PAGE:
Class Action Lawsuit Filed Against eBay for PayPal Holds

The law firm of Freed & Weiss LLC has filed a lawsuit against eBay and PayPal on behalf of their clients, Ronya Osman and Brian Patee. The lawsuit charges that PayPal’s practice of “holding” funds for up to 180 days in the accounts is fraudulent because of the “systematic and arbitrary manner in which the freezing is done and the lack of information shared with affected customers.”

The lawsuit claims PayPal is holding $1500 of Plaintiff Ronya Osman funds, and had held $750 of plaintiff Brian Pattee’s funds from about September 2009 til March 12, 2010.

The lawsuit says PayPal’s actions violate the Electronic Funds Transfer Act, stating that PayPal is a financial institution within the meaning of the EFTA, and that plaintiffs are consumers protected by the EFTA. “Defendant has been unjustly enriched at the expense of and detriment to Plaintiffs and the Class by wrongfully collecting money to which Defendant, in equity, is not entitled.”

The complaint is on the law firm’s website in PDF format ~

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One thought on “Class Action Lawsuit Filed Against eBay for PayPal Holds”

  1. Observations in light of my experience with the hold policy:
    The agreement (a contract of adhesion) appears misleading if not deceptive. It does not begin to disclose the burdens it may wreak on the new/infrequent seller. See my ‘community’ post on burdens. It should, at a minimum, inform new sellers that they WILL be subject to the policy and its damaging operation. The advertised reason is that new sellers are presumptively dishonest.
    Furthermore, it is patently false that held funds WILL be released three days after verified delivery. My experience proves this. They MAY be, but probably not.
    I pressed the PP folks on one particular hold on one particular transaction held 8 days after verified delivery. I wanted to get the reason and assumed one existed since it is their policy. An explanation was not forthcoming. If they can’t fully explain their own policy, how do they think it will be found enforceable? Holding funds 8 days past verified delivery seems to approach conversion?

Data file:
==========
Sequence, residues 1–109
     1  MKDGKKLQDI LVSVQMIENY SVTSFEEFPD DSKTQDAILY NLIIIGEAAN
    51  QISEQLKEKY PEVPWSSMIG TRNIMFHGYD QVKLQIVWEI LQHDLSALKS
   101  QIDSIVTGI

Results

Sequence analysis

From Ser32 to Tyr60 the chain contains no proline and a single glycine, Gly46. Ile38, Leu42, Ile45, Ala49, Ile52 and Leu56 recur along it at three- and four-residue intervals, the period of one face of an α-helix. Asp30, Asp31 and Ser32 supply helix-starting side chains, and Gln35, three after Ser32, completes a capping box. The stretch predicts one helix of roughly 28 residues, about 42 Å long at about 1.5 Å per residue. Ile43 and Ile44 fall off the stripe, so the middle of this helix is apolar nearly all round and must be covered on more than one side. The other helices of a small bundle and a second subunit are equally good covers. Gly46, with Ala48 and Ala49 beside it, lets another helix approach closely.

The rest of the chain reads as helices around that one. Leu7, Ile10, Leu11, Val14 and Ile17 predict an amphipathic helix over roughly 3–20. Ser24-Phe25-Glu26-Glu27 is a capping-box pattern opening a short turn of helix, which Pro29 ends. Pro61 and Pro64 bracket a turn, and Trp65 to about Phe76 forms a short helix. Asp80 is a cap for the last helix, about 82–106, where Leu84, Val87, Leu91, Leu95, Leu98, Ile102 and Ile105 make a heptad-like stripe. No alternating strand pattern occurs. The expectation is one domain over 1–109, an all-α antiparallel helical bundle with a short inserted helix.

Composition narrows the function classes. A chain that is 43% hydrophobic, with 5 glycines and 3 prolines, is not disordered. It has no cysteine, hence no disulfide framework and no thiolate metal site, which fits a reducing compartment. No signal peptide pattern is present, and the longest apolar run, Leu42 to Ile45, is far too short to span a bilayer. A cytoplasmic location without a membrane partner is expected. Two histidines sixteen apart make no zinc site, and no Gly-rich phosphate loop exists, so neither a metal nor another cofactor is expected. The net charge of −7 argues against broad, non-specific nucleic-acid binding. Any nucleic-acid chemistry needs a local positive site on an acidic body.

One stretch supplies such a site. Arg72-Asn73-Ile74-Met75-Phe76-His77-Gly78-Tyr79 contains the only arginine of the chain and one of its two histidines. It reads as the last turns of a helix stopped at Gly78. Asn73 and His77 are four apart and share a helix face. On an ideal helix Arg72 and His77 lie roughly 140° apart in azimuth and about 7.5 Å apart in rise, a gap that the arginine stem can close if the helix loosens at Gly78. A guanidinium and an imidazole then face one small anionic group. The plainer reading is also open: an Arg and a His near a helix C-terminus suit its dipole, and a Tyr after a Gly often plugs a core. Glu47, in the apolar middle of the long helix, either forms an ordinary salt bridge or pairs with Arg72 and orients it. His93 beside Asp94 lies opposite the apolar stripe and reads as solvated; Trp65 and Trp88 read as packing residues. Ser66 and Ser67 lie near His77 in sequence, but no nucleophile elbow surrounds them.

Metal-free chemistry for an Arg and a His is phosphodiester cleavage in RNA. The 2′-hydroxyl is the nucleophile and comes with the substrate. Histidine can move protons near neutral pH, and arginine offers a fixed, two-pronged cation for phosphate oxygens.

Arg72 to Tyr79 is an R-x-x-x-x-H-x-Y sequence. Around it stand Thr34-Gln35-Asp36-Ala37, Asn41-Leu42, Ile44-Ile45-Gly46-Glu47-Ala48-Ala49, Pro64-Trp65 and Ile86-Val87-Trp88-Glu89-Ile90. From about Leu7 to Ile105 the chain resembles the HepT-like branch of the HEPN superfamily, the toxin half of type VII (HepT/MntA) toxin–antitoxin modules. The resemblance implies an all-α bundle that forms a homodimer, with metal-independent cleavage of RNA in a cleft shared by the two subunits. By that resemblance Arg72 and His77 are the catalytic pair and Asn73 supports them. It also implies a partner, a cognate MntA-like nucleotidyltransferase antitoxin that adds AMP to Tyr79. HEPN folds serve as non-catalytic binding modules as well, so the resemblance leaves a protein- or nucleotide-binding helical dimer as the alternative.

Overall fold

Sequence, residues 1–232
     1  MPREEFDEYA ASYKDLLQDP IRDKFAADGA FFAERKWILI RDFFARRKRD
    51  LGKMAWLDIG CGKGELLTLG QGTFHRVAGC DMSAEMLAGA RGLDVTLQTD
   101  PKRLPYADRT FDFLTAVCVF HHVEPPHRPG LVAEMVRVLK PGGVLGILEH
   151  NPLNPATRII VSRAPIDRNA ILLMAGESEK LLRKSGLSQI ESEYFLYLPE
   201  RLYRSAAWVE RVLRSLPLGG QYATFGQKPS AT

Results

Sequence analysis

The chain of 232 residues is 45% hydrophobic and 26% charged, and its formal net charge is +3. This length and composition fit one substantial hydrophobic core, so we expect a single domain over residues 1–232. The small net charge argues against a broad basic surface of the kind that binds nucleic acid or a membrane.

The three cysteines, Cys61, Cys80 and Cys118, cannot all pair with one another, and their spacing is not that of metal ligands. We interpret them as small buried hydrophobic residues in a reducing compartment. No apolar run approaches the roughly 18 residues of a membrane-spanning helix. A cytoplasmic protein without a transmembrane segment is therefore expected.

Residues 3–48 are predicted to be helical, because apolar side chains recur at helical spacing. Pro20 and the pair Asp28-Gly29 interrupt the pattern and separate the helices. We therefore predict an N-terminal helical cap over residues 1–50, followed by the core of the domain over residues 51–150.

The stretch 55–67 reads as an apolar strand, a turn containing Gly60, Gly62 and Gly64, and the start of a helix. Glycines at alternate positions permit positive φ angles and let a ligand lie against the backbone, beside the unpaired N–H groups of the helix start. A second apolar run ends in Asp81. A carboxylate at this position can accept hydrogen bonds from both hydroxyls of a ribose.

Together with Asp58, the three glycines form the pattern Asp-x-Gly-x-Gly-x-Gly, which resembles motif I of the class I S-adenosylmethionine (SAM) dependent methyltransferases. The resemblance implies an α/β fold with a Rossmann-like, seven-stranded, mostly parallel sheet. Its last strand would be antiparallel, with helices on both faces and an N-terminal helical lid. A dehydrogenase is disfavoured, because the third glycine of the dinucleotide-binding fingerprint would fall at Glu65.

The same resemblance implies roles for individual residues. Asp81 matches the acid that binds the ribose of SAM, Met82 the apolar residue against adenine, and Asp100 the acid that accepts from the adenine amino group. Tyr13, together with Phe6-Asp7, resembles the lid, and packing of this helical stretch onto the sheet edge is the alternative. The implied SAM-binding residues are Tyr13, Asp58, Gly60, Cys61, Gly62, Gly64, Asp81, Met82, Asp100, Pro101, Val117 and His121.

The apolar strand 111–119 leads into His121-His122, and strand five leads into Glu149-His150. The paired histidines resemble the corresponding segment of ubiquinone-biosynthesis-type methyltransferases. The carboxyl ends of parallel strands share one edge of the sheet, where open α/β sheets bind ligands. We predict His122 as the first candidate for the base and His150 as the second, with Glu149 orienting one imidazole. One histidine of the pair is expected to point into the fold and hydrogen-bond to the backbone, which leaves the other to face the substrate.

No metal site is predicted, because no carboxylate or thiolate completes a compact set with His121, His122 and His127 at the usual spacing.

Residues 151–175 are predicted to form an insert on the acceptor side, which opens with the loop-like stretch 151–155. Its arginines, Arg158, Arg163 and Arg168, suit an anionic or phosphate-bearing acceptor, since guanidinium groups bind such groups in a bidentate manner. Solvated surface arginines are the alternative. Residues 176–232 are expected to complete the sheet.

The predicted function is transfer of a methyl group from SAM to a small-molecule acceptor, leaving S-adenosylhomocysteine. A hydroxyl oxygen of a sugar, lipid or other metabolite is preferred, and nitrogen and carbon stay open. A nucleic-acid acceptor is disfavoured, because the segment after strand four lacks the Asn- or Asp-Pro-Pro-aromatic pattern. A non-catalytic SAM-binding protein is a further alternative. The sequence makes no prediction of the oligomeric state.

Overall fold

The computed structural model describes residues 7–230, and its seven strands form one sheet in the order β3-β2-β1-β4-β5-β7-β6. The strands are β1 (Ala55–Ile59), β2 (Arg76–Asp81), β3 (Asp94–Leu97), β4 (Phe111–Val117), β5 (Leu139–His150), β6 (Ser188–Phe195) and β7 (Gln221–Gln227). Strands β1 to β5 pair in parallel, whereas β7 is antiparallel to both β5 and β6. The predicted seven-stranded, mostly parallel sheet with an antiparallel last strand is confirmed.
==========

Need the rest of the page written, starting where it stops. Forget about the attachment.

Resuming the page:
In light of the full detrimental operation of the policy on new or infrequent sellers, wouldn’t the agreement be found, under all existing circumstances, unconsionable?
    Considering its operation, what of social conscience? Moral obligation? Ethical considerations? As to the new seller, the held funds provide full protection for the buyer, yet the CEO takes credit for this protection. He makes a stated presumption that all people are generally good, yet forms policy on the presumption that all new/infrequent sellers are bad.
    Seems the EB/PP marriage has given him the license for undisciplined over-reaching. What of conflict of interest issues? Anti-trust issues?
    Integrity? PP collects a fee, however small, for charitable contributions.
    Prudent to attack at the state level as to licensure?

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